DB2 9 and Microsoft Excel 2007 - Part 1: Getting the Data... - Page 2

July 3, 2007

6.  The Data Connection wizard opens. Select the table whose data you want to import into Excel 2007, and click Next. For example, you can select the contents of the STAFF table located in the SAMPLE database:

Note: To create the DB2 9 SAMPLE database, enter db2sampl from your operating system’s command prompt.

7.  Optionally, save that data connection (I'll refer to this as a database connection since that’s what it is), a great idea if you plan to reuse it, and click Finish:

If you don’t want to save this database connection in the future, you can simply click Finish in the previous step. In the previous figure, you can see that I’ve saved the current database connection (which is solely a connection to the STAFF table) for future reference. You can optionally add a description of this connection object (in the Description field) and search metadata (in the Search Keywords field) for easier subsequent retrieval. Finally, note that you have fine grained control over the authentication settings for this connection by clicking Authentication Settings.

8.  The Import Data window opens. Use this window to specify where the data should be placed in your Excel 2007 worksheet. Select the defaults for now, and click OK:

You can see in the previous figure that you can choose to place the data that is retrieved from DB2 9 in a Pivot Table report or chart, or both. I will discuss these options in my next article. (If you want to further configure this connection string’s properties, click Properties.)

Your Excel 2007 worksheet should now look similar to this:

Of course, at this point you can use the data as you see fit. For example, you can leverage Excel 2007’s strong formatting capabilities and apply a Table Style from the Design ribbon, for example:

You can also use the Table Style Options frame in the Design ribbon, like this:

When the data is loaded in Excel 2007, you can use the External Table Data frame in the Data ribbon to manage the database connection. For example, selecting Unlink will detach the data from the table and make it independent:

And you can quickly filter the returned data without writing a single line of SQL:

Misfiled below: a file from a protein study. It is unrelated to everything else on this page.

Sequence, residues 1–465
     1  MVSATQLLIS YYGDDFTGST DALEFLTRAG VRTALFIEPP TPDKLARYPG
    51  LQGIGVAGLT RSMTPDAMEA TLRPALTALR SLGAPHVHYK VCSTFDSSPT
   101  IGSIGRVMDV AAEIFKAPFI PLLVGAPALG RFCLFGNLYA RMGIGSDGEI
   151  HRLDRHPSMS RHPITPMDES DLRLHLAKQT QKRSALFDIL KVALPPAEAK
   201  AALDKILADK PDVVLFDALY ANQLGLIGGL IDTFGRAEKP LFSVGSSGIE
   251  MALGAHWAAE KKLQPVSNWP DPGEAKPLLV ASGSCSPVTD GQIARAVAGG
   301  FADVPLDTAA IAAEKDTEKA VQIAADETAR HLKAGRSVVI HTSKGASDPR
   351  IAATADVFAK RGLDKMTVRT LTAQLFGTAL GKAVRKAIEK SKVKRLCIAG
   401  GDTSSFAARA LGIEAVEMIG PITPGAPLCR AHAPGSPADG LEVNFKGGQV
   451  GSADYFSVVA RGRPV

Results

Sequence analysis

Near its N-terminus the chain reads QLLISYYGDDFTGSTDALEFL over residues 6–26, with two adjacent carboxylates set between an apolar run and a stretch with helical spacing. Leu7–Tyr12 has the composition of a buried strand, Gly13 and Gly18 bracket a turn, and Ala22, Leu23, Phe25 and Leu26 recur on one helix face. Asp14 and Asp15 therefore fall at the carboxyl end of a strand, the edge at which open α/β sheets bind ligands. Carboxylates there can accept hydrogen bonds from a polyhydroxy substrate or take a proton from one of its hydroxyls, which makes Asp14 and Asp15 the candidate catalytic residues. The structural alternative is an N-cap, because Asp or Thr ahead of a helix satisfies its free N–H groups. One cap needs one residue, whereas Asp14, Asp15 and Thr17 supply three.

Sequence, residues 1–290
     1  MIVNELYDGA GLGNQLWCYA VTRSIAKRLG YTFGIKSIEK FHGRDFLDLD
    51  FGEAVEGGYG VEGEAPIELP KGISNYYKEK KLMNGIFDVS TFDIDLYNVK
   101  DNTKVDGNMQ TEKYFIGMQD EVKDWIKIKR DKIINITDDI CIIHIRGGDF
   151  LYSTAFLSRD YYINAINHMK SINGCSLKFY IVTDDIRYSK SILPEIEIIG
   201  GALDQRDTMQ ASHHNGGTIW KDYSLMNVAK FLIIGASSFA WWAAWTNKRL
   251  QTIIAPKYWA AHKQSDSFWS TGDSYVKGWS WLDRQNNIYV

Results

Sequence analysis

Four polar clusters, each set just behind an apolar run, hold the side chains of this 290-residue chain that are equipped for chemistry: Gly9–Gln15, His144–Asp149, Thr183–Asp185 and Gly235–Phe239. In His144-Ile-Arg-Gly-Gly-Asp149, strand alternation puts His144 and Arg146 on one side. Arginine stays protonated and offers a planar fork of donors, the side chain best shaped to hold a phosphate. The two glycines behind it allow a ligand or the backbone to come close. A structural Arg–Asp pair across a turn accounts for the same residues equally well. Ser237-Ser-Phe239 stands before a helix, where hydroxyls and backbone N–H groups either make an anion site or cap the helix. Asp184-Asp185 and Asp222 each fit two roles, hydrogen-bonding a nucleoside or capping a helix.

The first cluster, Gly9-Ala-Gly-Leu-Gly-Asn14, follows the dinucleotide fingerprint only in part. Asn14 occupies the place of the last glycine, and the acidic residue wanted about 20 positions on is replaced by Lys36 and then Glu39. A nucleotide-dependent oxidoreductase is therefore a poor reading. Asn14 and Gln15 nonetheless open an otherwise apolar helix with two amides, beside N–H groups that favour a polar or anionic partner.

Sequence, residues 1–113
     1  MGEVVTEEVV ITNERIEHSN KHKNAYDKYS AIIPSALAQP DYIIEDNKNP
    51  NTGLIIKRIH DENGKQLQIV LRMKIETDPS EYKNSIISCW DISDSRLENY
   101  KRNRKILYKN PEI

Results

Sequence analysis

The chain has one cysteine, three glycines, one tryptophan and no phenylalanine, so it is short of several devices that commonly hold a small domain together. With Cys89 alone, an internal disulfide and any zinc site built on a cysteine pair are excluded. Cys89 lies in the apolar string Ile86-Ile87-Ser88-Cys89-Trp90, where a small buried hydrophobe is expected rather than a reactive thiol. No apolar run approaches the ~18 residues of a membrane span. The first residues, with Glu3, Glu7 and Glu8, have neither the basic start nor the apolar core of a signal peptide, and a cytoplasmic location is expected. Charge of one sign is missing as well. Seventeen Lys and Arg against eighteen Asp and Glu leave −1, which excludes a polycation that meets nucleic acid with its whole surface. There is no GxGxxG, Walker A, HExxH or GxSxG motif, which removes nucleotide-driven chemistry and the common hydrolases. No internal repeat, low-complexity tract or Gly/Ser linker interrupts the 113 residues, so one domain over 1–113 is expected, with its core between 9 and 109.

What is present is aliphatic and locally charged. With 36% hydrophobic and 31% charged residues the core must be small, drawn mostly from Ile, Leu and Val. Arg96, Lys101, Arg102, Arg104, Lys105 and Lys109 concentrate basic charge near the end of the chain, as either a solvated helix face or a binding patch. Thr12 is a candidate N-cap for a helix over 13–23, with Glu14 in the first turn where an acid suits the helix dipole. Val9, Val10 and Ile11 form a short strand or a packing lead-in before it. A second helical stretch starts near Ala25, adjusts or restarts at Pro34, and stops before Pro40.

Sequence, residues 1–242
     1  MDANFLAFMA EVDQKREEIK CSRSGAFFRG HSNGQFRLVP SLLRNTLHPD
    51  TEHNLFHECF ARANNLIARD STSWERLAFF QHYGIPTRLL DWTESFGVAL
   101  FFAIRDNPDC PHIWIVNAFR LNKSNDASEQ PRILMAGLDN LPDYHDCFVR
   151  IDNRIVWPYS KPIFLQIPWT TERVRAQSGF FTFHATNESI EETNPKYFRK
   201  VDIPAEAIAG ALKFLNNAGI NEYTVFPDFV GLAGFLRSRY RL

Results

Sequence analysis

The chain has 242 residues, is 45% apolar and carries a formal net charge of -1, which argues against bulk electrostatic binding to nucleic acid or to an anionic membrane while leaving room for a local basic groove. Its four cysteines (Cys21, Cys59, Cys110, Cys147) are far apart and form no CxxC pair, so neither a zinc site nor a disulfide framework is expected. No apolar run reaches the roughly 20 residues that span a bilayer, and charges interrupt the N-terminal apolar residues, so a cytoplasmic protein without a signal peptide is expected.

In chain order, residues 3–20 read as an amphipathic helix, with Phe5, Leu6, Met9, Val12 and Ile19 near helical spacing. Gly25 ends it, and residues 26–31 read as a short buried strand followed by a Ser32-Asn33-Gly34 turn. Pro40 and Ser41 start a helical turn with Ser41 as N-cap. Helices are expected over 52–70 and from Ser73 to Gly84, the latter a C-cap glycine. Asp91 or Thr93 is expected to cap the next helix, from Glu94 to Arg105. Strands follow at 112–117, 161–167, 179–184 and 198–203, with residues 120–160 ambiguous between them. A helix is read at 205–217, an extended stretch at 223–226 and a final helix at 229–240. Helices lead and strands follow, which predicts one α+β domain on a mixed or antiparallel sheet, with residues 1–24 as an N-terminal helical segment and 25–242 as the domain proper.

One of the things I love about Excel is its strong charting capability. Using this method, it’s very easy to whip up some snazzy charts with your DB2 9 data:

In the previous chart, you can see the ratio of salary to commission expenses for the 5 employees in department 20. Of course, so long as you didn’t disconnect the record set, you can refresh the data and the chart will be updated immediately. For example, run the following data manipulation language statement to drastically change the amount of commission Pernal makes (he’s employee 2 in the chart):

            UPDATE TABLE STAFF SET COMM=55565.56 WHERE ID=20

Now refresh the data:

And, of course, the base data is updated as well:

Now think back to the way most clients leverage Excel: by staging the data in a de facto data server. If your real-time data changed, when would be the next time your analysts would be analyzing real-time data? That’s right, after the next batch job!

Wrapping it Up...

In this article, I showed you how easy it is to import your DB2 9 data into an Excel 2007 worksheet. After getting the data into Excel 2007, I showed you some cool features that you can use to change the way the data is displayed (using different Table Tools ribbon frames) as well as how to create a chart and refresh the data in real time.

» See All Articles by Columnist Paul C. Zikopoulos

About the Author

Paul C. Zikopoulos, BA, MBA, is an award-winning writer and speaker with the IBM Database Competitive Technology team. He has more than ten years of experience with DB2 and has written more than one hundred articles and several books about it. Paul has co-authored the books: DB2 9 New Features, Information on Demand: Introduction DB2 9 New Features, DB2 Version 8: The Official Guide, DB2: The Complete Reference, DB2 Fundamentals Certification for Dummies, DB2 for Dummies, and A DBA's Guide to Databases on Linux. Paul is a DB2 Certified Advanced Technical Expert (DRDA and Cluster/EEE) and a DB2 Certified Solutions Expert (Business Intelligence and Database Administration). In his spare time, he enjoys all sorts of sporting activities, running with his dog Chachi, and trying to figure out the world according to Chloë – his new daughter. You can reach him at: mailto:paulz_ibm@msn.com.

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IBM, DB2, System i, and System z are trademarks or registered trademarks of International Business Machines Corporation in the United States, other countries, or both.

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Other company, product, and service names may be trademarks or service marks of others.

Copyright International Business Machines Corporation, 2007. All rights reserved.

Disclaimer

The opinions, solutions, and advice in this article are from the author’s experiences and are not intended to represent official communication from IBM or an endorsement of any products listed within. Neither the author nor IBM is liable for any of the contents in this article. The accuracy of the information in this article is based on the author’s knowledge at the time of writing.








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